Search This Blog

Loading...

9.28.2005

Divine Hierarchy - The who's who in the Indian pantheon of celestial beings

Most of the gods we know can be sorted into gods, demi gods, lesser gods, asuras, devas, rishis and the super gods. Buddha and Mahavira are more of saints than proclaimed gods.

The hierarchy starts with us humans being, the lesser mortals at the bottom, higher up are the lesser gods who are the gandharvas, kinnaras, vidhyadharas and apsaras. Their lords are the yakshis and yakshas - fertility goddesses and nature gods. Shalabhanjikas are fertility goddesses often depicted against trees with one leg bent up and one hand holding a branch. They are believed to be virgins who were capable of making a tree bear flower.

Nagas have a similar standing on this plain. Snakes are associated with water, the underground, and fertility. They were adopted into Hinduism as emblems of Shiva (perhaps reflecting Shiva's own origins from earlier nature cult), and were adopted into Buddhism as protectors of Buddha.

Above them are the rishis, devas, and demi gods etc who would be weather gods and their sons. Ganesha, the proclaimed son of Lord Shiva is the lord of the Ganas . Finally we have the super gods like Shiva, Vishnu, Brahma and to a certain extent the Mother Goddess.

All gods have vehicles or vahanas and various hybrid creatures like griffins scattered through out the pantheon.

Now lets have a closer look at the lesser known demi Gods:

Vidyadharas :
They are wisdom bearers. always seen with a small garland, who fly above the heads of gods. The garland symbolizes the attainment of supreme (spiritual) wisdom.

Gandharvas :

They are "Fragrances," celestial musicians and husbands of the apsarasas.

Apsaras :
They are celestial dancers, most famous being urvashi, the lead dancer in indra's court.

Kinnaras :
Kinnaras, who in Hindu mythology, are heavenly musicians who are the followers of Vaisravana also known as Kubera, their lord, who is a yaksha also popularly known as the lord of wealth. They have human heads and the bodies of birds or horses. The Kinnaras were either the sons of Kasyapa, or sprang from the toe of Brahma. They are often identified with the Kimpurushas, whose appearance is the exact opposite and who are also followers of Kubera. Essentially they are entertainers.

Here are a few verses from the Bhagavat Gita where reference is made to kinnaras.

Srimad-Bhagavatam 3:20:45
"The mention of upadeva-vara refers to inferior demigods like the Gandharvas, Kinnaras and Uragas, who are not exactly demigods but between the demigods and human beings."

Srimad-Bhagavatam 4:1:54-55
"From the description given in this verse, Garuda appears to belong to the Kinnara planet. The inhabitants of the Kinnara planet have the same features as Garuda. Their bodily features are like those of a human being, but they have wings. The word gita-kirtih indicates that the inhabitants of Kinnaraloka are very expert in singing the glories of the Lord. In Brahma-samhita it is said: jagad-anda-koti-kotisv asesa-vasudhadi-vibhuti-bhinnam. In each and every universe there are different types of planets, and each planet has distinctive features. On the strength of this verse, we can understand that in Kinnaraloka the inhabitants can fly with their wings. There is also a planet, known as Siddhaloka, where the inhabitants can fly even without wings. ."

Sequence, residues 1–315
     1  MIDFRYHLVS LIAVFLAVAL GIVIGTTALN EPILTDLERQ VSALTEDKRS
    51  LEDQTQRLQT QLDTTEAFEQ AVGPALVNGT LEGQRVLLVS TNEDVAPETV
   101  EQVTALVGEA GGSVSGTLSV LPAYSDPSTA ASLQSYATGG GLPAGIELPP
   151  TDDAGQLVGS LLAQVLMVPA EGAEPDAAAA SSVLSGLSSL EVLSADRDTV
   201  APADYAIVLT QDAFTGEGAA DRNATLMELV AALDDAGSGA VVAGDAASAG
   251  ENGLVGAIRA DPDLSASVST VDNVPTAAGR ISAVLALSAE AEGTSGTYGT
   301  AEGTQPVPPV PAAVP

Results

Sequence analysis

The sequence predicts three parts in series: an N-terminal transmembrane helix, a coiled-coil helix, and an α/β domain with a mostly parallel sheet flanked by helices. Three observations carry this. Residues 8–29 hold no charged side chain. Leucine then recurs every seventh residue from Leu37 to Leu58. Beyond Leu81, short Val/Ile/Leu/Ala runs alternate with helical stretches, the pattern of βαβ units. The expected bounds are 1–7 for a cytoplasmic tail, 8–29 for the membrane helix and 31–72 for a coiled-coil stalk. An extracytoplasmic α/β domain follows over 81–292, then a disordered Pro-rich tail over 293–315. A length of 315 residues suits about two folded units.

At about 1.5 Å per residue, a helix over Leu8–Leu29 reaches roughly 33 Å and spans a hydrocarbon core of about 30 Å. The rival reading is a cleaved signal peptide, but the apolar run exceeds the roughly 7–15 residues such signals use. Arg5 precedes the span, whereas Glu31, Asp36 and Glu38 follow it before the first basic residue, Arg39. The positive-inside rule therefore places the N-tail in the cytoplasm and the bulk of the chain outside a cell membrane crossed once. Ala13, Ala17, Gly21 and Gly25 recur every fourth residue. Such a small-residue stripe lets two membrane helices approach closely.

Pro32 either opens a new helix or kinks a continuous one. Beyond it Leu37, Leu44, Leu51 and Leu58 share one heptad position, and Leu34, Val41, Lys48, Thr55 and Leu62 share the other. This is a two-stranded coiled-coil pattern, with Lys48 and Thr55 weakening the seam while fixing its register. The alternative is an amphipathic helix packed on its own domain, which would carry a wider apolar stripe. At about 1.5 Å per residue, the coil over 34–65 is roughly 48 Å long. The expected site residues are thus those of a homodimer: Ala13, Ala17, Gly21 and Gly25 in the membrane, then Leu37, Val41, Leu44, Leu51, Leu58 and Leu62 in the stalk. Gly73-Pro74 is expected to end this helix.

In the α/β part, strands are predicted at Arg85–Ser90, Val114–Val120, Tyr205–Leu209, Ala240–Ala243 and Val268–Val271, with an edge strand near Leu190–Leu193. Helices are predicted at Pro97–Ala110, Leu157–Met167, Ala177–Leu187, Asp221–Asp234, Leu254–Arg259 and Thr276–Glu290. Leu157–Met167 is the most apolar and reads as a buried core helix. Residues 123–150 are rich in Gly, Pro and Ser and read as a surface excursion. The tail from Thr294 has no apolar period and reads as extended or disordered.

Mithunas:
These are celestial couples who are a common motif across temples both buddhist and hindu. They are believed to exert an influence which is both auspicious and magically protective.


In the next level are:

Devas:
Gods or celestial beings, they are the residents of heaven. These Devas are also called ‘Suras’ - those with soma, the wine or ambrosia of heaven. Soma is the elixir of ecstasy, joy and contentment. The heavens are divided into three parts, the realms of desire, the realms of form, and the realms of formlessness.(picture is of devas pulling the serpent to churn the ocean at Angkor wat)

Asuras:
Demons, rivals and enemies of Sakra Devendra (Indra) and the Devas (Gods) with whom they are constantly at war. The Asuras dwell in the oceans (the atmospheres, the realms of turbulence) whereas the gods (Devas) dwell in the serene palaces of heaven. Asura literally means ‘one without the ambrosia of heaven (soma)’ - that is, they are restless, without the bliss, joy and contentment of heaven - they must ever struggle in the realms of strife and turbulence. They appear in many forms, including Nagas (water spirits), Yakshas (earth spirits), Daityas (genies), Dasyus (barbarians), Kalakanjas (stellar spirits), Kalejas (demons of time), Khalins (threshers), Nivata-kavacas (wearers of armor), Pisacas (flesh eaters), Raksasas (night wanderers) and a host of others forms. There are four classes, according to their manner of their rebirth: no.1 egg-born no 2 womb-born no 3 metamorphosis born no 4 water/spawn born. They are the competitive forces of nature that are forever battling for dominance over one another. In human nature they represent the assertion & clash of rival egos.

Garudas:
(Literally 'Devourers') The king of birds, with golden wings, living below heaven but above the highest trees of the earth. The Garudas are associated with the legends of the Roc and the Phoenix, and they are said to be able to travel a hundred thousand miles in a single day. They are the enemies and devourers of serpents (Nagas). They are called 'The Wings of Speech', and they represent the spiritual power and magic of the spoken word, which conquers nature, invokes and inspires the mind and carries it far and wide. The god of knowledge (Vishnu) is said to ride on the Garuda's back and the Garuda is said to carry the 'Wish-Fulfilling (Cintamani) Gem' around its neck.

Mahoragas:
Demons shaped like boas or pythons, with large bellies; also called ‘human but not human’. Demons of reptilian personality.

These spiritual beings can all be forces for good and spiritual enlightenment when embracing the Sutra and the teachings of the Buddha. In embracing and protecting the Sutra, they are known as the Naga Kings, Yaksa Kings, Gandharva Kings, etc.


9.21.2005

Surviving original Shiva temples.